Just "Blueberry Pancakes" :: Maybe [Char]
```

```
Prelude> :t Just 90
Just 90 :: Num a => Maybe a
```

`Maybe`

First off, remember this signature…

`data Maybe a = Nothing | Just a`

```
Prelude> :k Maybe
Maybe :: * -> *
```

```
Prelude> :k Maybe Int
Maybe Int :: *
```

`Either`

type`data Either a b = Left a | Right b`

```
Prelude> Left 10
Left 10
Prelude> :t Left 10
Left 10 :: Num a => Either a b
```

What do you think the unsatisfied kind is of `Either`

?

`Either`

```
Prelude> :k Either
Either :: * -> * -> *
```

```
Prelude> :k Either Int
Either Int :: * -> *
```

```
:k Either Int [Char]
Either Int [Char] :: *
```

```
Prelude> :t []
[] :: [a]
```

```
Prelude> :t [1,2,3,4]
[1,2,3,4] :: Num t => [t]
```

What is the kind of `[]`

?

`[]`

```
Prelude> :k []
[] :: * -> *
```

```
Prelude> :k [Int]
[Int] :: *
```

`Functor`

Type ClassThis is where things get "kind" of hard

```
class Functor f where
fmap :: (a -> b) -> f a -> f b
```

`f`

has a requirement, what kind does `f`

have to be?

`Functor`

```
class Functor f where
fmap :: (a -> b) -> f a -> f b
```

`f a`

means whatever `f`

is it requires an `a`

`f b`

also means whatever `f`

is, it requires a `b`

Because `f`

requires one thing `*`

, therefore we know that f is * -> *

Quick! It’s up to us now to find a kind of * -> *!

`kind`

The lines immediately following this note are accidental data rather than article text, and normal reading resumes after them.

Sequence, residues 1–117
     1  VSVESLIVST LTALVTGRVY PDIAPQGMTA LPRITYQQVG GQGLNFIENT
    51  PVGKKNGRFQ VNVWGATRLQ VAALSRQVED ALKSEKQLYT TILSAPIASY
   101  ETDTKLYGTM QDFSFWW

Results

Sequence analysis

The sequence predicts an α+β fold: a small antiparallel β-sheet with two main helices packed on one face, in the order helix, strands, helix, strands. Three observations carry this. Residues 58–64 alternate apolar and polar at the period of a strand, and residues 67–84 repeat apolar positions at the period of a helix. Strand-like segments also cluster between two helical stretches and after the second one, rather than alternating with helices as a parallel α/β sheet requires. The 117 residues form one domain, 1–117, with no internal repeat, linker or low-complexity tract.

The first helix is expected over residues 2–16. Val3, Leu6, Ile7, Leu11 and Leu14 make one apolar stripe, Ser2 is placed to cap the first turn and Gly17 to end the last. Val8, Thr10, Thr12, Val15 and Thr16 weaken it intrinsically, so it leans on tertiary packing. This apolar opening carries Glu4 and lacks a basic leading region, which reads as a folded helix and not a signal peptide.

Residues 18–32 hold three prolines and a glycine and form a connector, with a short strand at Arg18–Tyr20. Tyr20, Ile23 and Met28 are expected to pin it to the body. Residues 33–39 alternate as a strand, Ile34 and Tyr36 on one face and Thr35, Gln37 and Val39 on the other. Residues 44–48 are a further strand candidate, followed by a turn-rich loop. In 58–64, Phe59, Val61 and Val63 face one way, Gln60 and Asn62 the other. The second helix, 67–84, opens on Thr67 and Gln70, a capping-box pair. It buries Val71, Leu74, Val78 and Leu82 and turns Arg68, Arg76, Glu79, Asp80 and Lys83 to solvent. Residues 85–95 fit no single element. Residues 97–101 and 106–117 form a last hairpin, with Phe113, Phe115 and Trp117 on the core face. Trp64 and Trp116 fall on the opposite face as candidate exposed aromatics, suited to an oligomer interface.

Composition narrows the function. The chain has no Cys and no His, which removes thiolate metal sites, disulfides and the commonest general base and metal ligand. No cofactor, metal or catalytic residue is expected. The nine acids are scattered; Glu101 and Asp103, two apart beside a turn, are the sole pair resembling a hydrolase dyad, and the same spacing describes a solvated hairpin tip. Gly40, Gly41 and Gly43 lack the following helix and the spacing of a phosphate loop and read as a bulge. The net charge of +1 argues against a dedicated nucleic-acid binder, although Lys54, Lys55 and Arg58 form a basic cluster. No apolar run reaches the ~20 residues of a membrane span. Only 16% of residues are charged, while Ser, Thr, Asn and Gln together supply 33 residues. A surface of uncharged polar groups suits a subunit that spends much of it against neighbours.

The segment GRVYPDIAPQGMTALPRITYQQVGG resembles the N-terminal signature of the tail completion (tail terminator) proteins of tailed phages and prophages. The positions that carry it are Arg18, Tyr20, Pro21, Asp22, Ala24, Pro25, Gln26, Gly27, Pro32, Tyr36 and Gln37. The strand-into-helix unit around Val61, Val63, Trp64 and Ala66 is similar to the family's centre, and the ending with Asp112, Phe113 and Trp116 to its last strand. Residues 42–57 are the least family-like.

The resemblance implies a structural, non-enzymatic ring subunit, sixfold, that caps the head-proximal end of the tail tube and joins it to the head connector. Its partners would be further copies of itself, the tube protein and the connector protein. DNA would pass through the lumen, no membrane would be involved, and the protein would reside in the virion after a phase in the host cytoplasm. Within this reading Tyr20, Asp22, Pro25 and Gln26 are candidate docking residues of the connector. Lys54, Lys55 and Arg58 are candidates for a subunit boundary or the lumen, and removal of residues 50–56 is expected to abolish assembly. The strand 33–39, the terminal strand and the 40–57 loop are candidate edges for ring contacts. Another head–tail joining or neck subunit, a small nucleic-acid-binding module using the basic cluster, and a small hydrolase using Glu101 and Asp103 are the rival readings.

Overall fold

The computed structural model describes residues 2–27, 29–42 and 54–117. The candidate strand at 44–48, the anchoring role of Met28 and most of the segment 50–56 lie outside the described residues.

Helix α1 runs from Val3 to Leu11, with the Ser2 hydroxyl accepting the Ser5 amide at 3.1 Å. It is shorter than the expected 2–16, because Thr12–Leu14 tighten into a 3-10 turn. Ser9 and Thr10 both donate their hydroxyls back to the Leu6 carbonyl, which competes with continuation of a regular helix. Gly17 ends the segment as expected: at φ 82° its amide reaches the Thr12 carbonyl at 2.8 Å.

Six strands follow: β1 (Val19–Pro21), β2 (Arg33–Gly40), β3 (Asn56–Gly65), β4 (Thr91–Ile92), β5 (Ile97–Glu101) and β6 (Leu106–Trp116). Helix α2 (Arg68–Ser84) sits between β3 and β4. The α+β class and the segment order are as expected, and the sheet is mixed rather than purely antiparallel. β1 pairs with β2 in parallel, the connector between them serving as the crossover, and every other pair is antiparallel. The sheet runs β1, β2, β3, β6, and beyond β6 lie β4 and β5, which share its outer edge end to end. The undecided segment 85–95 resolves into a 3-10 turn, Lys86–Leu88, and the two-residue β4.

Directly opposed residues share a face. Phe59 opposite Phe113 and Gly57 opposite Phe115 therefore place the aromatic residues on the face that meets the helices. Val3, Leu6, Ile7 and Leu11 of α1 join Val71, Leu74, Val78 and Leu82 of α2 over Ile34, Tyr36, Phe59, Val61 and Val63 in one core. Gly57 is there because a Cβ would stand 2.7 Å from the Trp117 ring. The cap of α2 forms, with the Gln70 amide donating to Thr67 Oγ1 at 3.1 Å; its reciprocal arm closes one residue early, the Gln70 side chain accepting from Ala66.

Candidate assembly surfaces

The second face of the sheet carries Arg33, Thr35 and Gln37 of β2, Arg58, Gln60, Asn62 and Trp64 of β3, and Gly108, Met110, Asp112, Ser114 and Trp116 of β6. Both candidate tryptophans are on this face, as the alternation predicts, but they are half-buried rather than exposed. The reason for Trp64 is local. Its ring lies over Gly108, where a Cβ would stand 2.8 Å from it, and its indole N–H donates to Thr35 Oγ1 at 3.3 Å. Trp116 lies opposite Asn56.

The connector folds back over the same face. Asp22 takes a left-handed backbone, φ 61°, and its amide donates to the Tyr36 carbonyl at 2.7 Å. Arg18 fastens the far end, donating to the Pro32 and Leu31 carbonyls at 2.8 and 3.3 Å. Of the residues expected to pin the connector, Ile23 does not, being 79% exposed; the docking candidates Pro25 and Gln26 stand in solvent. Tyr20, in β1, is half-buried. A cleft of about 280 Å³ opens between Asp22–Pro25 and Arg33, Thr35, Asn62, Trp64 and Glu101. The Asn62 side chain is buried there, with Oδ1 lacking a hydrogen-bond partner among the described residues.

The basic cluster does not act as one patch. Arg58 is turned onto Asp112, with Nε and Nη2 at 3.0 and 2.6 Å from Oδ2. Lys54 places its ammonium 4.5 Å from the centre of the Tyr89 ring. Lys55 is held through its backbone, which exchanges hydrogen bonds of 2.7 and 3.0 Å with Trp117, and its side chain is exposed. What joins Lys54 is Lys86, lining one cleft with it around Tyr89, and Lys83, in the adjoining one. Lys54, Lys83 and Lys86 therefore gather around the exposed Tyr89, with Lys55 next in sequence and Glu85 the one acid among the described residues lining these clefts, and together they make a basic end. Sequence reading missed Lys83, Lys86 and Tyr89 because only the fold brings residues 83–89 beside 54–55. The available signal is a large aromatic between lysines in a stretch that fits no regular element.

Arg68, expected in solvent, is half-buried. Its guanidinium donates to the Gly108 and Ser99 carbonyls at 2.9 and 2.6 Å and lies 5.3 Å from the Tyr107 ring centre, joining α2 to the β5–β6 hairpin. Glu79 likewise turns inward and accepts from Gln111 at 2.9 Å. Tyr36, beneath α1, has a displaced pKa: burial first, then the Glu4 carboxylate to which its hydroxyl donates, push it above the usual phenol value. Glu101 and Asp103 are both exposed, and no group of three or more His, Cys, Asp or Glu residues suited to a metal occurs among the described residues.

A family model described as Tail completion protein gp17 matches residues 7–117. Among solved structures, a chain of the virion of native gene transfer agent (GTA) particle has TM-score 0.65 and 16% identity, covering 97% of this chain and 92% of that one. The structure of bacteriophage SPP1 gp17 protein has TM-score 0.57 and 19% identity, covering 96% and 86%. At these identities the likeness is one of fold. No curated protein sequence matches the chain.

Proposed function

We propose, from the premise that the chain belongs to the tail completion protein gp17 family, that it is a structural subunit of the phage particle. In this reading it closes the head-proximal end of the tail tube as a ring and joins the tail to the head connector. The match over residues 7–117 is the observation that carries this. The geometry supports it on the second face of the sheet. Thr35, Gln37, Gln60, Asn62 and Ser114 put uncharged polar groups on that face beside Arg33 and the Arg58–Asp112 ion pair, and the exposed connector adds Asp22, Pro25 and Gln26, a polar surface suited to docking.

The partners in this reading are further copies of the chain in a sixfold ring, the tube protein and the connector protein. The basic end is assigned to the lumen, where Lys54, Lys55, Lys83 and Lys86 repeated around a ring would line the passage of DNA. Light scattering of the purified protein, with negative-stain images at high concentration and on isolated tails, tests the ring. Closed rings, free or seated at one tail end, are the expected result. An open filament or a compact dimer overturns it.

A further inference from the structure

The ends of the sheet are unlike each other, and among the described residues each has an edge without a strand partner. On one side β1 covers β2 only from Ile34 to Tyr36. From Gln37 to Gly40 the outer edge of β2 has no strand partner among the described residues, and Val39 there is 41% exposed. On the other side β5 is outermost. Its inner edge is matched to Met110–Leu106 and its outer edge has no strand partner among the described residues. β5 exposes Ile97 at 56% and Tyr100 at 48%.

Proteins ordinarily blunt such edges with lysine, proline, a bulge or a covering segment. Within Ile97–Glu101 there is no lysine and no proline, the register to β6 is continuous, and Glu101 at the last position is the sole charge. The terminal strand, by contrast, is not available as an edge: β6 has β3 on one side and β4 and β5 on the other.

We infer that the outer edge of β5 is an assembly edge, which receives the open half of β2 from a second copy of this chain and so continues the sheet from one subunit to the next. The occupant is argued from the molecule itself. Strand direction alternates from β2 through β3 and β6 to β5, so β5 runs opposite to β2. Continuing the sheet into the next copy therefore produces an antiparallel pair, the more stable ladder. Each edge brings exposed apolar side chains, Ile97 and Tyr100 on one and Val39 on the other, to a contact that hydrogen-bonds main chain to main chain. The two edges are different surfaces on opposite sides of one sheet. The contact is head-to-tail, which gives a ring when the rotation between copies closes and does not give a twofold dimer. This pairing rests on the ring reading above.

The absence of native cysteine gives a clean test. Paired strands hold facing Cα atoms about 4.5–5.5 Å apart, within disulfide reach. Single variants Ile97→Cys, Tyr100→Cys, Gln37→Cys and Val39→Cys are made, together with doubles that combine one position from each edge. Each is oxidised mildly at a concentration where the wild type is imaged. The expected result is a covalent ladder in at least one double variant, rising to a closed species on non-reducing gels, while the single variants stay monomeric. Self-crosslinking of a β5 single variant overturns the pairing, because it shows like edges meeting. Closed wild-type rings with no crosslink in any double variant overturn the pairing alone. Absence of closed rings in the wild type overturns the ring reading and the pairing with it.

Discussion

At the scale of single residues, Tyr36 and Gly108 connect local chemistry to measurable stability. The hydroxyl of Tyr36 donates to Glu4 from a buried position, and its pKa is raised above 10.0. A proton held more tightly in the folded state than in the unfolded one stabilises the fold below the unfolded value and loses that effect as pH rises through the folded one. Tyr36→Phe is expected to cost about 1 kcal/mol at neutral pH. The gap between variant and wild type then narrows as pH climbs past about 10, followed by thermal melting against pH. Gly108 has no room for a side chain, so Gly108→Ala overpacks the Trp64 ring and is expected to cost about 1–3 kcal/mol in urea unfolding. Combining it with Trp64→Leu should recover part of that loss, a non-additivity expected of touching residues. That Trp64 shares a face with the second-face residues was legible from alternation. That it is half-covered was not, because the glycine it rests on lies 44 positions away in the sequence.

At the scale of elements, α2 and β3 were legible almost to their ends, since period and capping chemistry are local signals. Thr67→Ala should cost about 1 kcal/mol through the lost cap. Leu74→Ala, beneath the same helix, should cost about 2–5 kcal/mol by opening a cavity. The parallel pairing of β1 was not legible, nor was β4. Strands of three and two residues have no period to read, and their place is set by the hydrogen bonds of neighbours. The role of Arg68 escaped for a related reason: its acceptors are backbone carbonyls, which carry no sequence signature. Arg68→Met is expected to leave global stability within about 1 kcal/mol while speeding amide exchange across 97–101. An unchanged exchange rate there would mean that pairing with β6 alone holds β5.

of `Maybe`

Reminder #1:

`data Maybe a = Nothing | Just a`

Reminder #2:

```
class Functor f where
fmap :: (a -> b) -> f a -> f b
```

Reminder #3:

```
Prelude> :k Maybe
Maybe :: * -> *
```

Well that’s what we need a kind of `* → *`

!

```
instance Functor Maybe where
fmap f (Just x) = Just (f x)
fmap f Nothing = Nothing
```

`Maybe`

`Functor`

`fmap (\x -> x * 14) (Just 19)`

Results in:

`Just 266`

I could’ve written it like this…

`fmap (14*) (Just 19)`

Now, trying with `Nothing`

`fmap (22+) Nothing`

Results in:

`Nothing`

Reminder of the kind of `[]`

```
Prelude> :k []
[] :: * -> *
```

It works! Therefore to make it a `Functor`

:

```
instance Functor [] where
fmap f xs = map f xs
```

or

```
instance Functor[] where
fmap = map
```

Therefore `fmap`

and `map`

should work the same

```
Prelude> fmap (12*) [1,2,3,4,5]
[12,24,36,48,60]
Prelude> map (12*) [1,2,3,4,5]
[12,24,36,48,60]
```

Reminder of the Algebraic Data Type

`data Either a b = Left a | Right b`

The problem with `Either`

is that it’s kind is..

```
Prelude> :k Either
Either :: * -> * -> *
```

and it is not * -> * like we need it to be, therefore we need satisfy one half of the kind pattern.

```
instance Functor (Either a) where
fmap f (Right x) = Right (f x)
fmap f (Left x) = Left x
```

Reminder:

```
class Functor f where
fmap :: (a -> b) -> f a -> f b
```

`Either`

`Functor`

```
Prelude> fmap ("Nice " ++) (Right "Code")
Right "Nice Code"
Prelude> fmap (20*) (Left 30)
Left 30
```

- Some More Functors
- Applicatives
- Monoids
- Monads

```
public F<B> <A, B, F extends Functor> fmap(x:A, f:F<A>) {
....
}
```

But we can’t. We cannot do F<B> because F is unknown, and java needs that.
F is what is known as a **Higher Kinded Type**

```
trait Functor[F[_]] { self =>
def map[A, B](fa: F[A])(f: A => B): F[B]
}
implicit object ListFunctor extends Functor[List] {
override def map[A, B](fa: List[A])(f: (A) => B): List[B] = fa.map(f)
}
implicit object OptionFunctor extends Functor[Option] {
override def map[A, B](fa: Option[A])(f: (A) => B): List[B] = fa match {
case Some(x) => Some(f(x))
case None => None
}
}
/* Power play! I only need to declare once! Remember ad-hoc polymorphism! */
def fmap[A, B, C[_]](f:A => B)(coll:C[A])(implicit functor:Functor[C]) =
functor.map(coll)(f)
fmap(x => x + 2)(List(1,2,3,4)) //List(3,4,5,6)
fmap(x => x + 2)(Some(100)) //Some(102)
fmap(x => x + 19)(None) //None
```